If we insist upon calling it a religion, we must realize that we are using the term in a very loose sense and that there are some radical differences between Buddhism and the three great monotheistic religions: Christianity, Judaism, and Islam. A spirituality that eliminates the question of God's existence is structurally different from ours, where the existence of a transcendent being is its very foundation. Buddhism teaches the way to self redemption. Christianity gives us a Redeemer.
I would like to end this brief analysis by pointing to some facts that should create great dismay among those who are concerned about the future of religion in the Western world. What we have examined should open our eyes to a dangerous reality too easily overlooked, namely, the incognito infiltration of Buddhism into contemporary thought. But it is Buddhism stripped of sacrality, stripped of beauty, stripped of mystery, stripped of any sense of tradition. It seems legitimate to fear that the Buddhistic ideology is forming more and more the mentality of our secularized society.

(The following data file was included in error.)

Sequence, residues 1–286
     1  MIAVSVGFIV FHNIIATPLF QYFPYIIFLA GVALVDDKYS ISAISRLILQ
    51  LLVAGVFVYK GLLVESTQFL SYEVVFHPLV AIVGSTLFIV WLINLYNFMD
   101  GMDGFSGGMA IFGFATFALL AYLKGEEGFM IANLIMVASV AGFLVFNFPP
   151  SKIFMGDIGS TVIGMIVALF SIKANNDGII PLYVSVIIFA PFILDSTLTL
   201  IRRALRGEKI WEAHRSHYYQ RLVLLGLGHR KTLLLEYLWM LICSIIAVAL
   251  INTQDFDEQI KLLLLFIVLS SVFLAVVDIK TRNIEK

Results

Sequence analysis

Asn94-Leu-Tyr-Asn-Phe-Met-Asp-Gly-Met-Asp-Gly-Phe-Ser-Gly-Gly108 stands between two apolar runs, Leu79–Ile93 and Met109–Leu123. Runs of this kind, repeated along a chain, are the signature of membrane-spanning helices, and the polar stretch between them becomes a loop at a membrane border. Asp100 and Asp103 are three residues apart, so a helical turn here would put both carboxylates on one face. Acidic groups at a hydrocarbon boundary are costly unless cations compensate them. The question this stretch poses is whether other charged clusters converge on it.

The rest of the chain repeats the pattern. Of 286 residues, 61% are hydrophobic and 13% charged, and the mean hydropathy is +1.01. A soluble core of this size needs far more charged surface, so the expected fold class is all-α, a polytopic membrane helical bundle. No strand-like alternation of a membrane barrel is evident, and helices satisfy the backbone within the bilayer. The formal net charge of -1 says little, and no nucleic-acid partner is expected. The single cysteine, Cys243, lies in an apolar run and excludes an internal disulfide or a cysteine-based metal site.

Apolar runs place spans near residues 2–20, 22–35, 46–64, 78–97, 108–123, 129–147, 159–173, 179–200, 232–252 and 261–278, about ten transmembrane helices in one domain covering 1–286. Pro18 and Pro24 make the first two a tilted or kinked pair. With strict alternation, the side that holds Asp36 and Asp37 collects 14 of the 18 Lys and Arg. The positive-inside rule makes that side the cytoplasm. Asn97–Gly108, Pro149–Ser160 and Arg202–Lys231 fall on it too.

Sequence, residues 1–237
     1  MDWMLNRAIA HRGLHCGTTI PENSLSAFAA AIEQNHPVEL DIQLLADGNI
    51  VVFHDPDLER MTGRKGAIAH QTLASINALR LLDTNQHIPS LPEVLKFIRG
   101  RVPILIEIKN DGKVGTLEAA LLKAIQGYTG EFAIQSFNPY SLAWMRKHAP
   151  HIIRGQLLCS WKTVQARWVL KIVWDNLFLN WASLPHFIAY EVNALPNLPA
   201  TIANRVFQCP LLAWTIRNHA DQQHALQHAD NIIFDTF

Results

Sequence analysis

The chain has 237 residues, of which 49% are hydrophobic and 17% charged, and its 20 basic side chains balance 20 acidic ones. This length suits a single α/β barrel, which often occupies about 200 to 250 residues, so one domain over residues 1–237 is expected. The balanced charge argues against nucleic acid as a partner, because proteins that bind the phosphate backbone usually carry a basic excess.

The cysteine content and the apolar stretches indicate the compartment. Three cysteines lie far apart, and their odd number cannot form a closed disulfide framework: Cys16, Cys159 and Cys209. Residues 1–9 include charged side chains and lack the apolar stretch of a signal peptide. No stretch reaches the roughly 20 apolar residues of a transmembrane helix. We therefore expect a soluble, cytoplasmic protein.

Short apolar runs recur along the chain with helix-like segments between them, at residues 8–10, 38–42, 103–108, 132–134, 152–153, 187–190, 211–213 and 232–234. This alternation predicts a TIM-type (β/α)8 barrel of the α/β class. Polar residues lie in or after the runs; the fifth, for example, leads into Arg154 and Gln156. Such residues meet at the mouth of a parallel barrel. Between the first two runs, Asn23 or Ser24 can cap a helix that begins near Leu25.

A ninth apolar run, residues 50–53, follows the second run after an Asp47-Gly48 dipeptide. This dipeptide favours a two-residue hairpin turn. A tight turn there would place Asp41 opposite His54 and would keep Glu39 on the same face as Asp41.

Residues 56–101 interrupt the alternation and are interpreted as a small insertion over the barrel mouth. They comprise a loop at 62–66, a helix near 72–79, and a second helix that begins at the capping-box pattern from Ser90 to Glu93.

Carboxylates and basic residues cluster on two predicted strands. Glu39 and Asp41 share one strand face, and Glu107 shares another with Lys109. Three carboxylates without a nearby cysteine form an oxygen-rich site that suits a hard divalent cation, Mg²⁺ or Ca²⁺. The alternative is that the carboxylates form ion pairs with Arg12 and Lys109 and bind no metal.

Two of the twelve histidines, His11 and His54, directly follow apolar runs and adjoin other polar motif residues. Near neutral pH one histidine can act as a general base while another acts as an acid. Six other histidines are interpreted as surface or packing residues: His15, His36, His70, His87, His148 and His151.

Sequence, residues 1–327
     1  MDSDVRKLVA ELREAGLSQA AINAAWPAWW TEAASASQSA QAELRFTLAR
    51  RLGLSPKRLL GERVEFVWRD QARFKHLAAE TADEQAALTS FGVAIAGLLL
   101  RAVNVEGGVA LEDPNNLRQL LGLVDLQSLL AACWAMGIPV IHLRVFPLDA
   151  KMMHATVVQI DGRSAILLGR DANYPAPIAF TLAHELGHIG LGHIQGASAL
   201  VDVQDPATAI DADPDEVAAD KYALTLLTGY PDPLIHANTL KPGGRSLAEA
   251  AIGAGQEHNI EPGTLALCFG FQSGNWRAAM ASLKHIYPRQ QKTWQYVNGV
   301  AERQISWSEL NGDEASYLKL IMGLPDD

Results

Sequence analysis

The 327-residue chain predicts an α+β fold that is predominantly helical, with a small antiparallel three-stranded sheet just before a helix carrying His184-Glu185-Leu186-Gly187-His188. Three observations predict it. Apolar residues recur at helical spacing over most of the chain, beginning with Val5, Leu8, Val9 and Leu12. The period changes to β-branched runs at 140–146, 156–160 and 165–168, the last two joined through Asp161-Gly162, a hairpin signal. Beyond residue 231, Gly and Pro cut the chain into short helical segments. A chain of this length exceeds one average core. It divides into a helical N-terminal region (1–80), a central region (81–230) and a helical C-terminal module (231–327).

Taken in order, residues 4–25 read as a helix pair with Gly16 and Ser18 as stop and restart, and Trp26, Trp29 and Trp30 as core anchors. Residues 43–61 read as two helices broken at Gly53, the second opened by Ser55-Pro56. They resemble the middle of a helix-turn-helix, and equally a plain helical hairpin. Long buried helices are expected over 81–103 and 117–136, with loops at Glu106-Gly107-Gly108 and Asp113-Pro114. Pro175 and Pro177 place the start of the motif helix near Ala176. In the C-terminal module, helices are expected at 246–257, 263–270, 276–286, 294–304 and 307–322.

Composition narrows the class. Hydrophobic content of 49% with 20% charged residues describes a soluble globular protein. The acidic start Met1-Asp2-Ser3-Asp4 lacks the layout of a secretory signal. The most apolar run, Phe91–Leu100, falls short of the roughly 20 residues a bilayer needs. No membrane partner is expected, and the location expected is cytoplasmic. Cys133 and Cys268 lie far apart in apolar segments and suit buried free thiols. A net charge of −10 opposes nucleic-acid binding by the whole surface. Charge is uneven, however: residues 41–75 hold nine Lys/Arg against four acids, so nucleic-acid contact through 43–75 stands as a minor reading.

Some examples are called for. I shall limit myself to the most obvious ones. We have seen that Buddhism in fact denies the existence of the person. The Western world has been infected by this dangerous error to such an extent that many people deny the essential difference of nature between man and animals. (Peter Singer, now a professor at Princeton, advocates the "rights" of animals).